WinDeveloper Software
Innovation. The seed to our Solutions
Follow us on Twitter WinDeveloper on Facebook WinDeveloper YouTube Channel WinDeveloper Updates
HomeDownloadOrderSupportPartnersCompanyContact
IMF Tune - Bringing Back the Exchange Connection Filter
IMF Tune - Bringing Back the Exchange Connection Filter

Email Pre-processing, Fixes in IMF Tune Update

A new IMF Tune update is available for download, bringing more functionality and some important fixes.

The email pre-processing functionality announced earlier, is the most significant addition delivered in this update. This is being surfaced through four Advanced Rule conditions, ticking off some highly requested improvements.

New Conditions

 

Recipient Email Conditions

The conditions Recipient email alias is in subject and Recipient email alias is in body, are very effective at targeting a common spam trait.

Most organization assign email addresses using schemes of the type:
name.surname@domain.com

IMF Tune matches the first segment of the email address (name.surname) by applying whole word matching. For example this raises a match:
Hi name.surname, how are you doing?

Whereas the complete email address in this email signature doesn't:
Best Regards,
Name Surname
name.surname@domain.com

When using these conditions keep in mind that:

  1. These conditions depend on the email address scheme in use. A simple address scheme of the type name@domain.com would give rise to many false positives.

  2. Being part of the Advanced Rules interface, these conditions can be combined with additional conditions/exceptions.

    As an example consider an organization whose addresses largely follow the scheme name.surname@domain.com but also has a few addresses of the type name@domain.com. The recipient alias conditions can be combined with the exception Body or Subject contains words. This exception would then include all the names appearing in addresses of type name@domain.com

 

Digits in Sender Addresses

The condition Total digits in sender address is within range, targets low value email addresses. Digits are an indication that an address was generated automatically. Spammers use this trick to quickly create unique addresses.

Users relying on free email services sometimes also use digits, especially when having trouble finding a unique address. On the other hand, business entities rarely use digits, since these make them look less professional.

This filtering condition is fine-tuned by specifying the digit count threshold. Organizations that deal exclusively with business clients won't see many legitimate senders with digits in their emails. Thus they can afford a low threshold, maybe blocking addresses with 3 or more digits. Other organizations with a broader pool of senders (such as Universities) may want to be more lenient and allow for more digits.

 

NULL Senders

NULL sender addresses are used in Delivery Status Notification (DSN) emails. The most well-known DSN type is the Non Delivery Report (NDR) sent when an email fails delivery.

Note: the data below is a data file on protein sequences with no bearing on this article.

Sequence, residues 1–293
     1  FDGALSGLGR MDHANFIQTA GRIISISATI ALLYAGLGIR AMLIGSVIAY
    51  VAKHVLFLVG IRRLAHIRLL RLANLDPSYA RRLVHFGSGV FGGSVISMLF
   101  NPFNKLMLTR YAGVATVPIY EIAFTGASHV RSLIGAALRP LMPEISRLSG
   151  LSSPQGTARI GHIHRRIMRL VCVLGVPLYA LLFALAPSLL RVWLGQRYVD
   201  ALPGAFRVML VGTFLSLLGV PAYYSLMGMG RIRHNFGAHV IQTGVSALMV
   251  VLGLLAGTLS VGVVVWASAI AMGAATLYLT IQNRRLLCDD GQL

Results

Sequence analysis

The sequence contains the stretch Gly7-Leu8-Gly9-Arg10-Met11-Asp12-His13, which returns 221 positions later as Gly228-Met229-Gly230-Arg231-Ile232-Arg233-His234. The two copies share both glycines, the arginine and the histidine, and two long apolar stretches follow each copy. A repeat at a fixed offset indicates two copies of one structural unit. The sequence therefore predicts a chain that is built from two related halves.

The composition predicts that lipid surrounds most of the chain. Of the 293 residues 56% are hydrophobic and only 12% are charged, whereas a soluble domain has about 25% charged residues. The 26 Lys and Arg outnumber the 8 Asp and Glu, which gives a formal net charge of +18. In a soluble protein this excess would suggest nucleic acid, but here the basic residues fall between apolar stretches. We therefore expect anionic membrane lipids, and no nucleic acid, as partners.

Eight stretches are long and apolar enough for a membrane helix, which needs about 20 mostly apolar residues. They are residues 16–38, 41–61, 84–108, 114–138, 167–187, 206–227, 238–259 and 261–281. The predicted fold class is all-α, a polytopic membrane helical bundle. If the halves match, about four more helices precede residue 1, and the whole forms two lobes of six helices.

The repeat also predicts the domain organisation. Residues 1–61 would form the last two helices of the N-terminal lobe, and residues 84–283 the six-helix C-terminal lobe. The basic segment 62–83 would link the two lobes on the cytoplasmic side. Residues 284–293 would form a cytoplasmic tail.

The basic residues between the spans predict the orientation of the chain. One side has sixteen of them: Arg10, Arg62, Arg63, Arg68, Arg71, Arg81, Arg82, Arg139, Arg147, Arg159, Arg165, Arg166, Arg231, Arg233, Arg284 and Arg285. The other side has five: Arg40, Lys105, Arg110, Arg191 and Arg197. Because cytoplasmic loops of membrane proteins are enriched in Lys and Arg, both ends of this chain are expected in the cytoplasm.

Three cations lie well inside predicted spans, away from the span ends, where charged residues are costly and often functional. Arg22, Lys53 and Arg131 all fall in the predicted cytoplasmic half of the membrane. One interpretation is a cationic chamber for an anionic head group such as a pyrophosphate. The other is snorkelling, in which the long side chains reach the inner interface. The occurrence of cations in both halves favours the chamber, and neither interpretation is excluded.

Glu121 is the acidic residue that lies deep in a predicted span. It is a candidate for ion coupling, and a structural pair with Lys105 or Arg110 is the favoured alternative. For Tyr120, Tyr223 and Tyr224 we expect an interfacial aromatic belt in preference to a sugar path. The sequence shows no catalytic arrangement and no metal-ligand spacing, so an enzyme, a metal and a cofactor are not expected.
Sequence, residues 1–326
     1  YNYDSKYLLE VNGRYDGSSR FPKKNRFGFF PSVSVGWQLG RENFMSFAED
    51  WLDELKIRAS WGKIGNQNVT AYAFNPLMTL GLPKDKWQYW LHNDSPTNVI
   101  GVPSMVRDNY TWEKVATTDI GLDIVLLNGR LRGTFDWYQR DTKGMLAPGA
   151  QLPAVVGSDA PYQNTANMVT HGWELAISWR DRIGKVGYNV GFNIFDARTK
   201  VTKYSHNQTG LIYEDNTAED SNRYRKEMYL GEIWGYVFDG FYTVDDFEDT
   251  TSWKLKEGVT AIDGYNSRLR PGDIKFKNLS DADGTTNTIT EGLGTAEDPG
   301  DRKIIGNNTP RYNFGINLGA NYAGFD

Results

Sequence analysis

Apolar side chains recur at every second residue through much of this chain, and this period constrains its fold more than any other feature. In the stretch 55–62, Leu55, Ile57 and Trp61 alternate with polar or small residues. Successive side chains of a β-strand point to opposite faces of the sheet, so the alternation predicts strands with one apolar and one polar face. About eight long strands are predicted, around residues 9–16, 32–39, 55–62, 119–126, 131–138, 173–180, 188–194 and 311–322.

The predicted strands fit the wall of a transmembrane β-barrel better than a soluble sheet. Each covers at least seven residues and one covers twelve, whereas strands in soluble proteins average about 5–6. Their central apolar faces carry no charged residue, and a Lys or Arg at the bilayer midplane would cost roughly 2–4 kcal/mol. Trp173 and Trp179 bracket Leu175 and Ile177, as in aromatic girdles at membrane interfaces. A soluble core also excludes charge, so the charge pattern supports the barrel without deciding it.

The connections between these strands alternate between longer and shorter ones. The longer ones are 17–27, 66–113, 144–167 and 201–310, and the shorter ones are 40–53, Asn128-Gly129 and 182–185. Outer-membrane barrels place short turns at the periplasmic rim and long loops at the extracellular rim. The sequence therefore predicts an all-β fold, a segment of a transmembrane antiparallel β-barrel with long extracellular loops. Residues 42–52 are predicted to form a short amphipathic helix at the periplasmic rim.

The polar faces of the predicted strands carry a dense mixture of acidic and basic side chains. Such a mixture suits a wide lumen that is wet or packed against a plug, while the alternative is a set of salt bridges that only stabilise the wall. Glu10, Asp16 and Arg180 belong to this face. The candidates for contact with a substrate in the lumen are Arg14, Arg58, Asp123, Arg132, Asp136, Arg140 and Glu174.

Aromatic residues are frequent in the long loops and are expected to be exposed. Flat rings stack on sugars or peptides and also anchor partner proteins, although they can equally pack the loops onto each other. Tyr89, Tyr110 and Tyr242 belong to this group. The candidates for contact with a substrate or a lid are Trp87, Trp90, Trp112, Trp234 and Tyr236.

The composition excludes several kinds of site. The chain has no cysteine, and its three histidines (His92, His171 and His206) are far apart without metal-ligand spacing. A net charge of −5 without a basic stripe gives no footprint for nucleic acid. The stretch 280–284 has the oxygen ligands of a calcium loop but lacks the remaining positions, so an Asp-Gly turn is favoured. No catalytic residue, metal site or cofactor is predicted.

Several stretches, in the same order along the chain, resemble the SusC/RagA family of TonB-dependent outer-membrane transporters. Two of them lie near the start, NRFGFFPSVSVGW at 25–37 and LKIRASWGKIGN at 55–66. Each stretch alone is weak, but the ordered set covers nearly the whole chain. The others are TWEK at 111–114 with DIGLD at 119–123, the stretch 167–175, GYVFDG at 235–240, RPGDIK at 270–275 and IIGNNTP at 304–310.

The Is NULL sender condition is useful whenever we want to create rules targeting these emails. An NDR spam wave could be dealt with by applying this filter to raise the spam rating of NULL sender emails.

In addition, by combining multiple conditions we can target specific DSN sub-categories. This would require us to better understand DSNs. Check the article Understanding NDRs and other DSN Reports for more details.

 

Fixed - "Power Shell not found!" Installation Error

Occasionally we are encountering problems with servers having missing/incorrect registry information under the Power Shell registry hive. These servers would still have a well-functioning power shell. We encountered this problem on Windows 2019 but the same issue might arise on earlier Windows server versions.

IMF Tune depends on Power Shell for installing some of its components. In this fix we are replacing Power Shell detection, such that to allow IMF Tune to proceed with the installation. Any serious Power Shell problems are now caught by the installation further down the line.

 

Fix - Uninstall Not Removing IIS ASP.NET Application

When the IMF Tune Moderator/Reporting component is installed on a Windows 2019 server, a subsequent uninstallation would not remove the ASP.NET application components from within IIS 10. This update includes the necessary fix for these components to be correctly removed.

If running an earlier version of the Moderator on Windows 2019, you may encounter this problem on upgrading. In that case just go ahead with uninstalling and re-installing the latest Moderator. The re-installation will perform the necessary cleanup and re-create the components. Subsequent uninstallations will correctly remove the ASP.NET application.

 

Version Information

This information applies to IMF Tune v8.0 build number 8.0.105.06. If IMF Tune is already installed you can verify the current build number from the configuration interface under the Miscellaneous category.

 

Privacy Policy Partners About Us Contact

Copyright © 2004 - 2020 WinDeveloper Software Ltd. All rights reserved.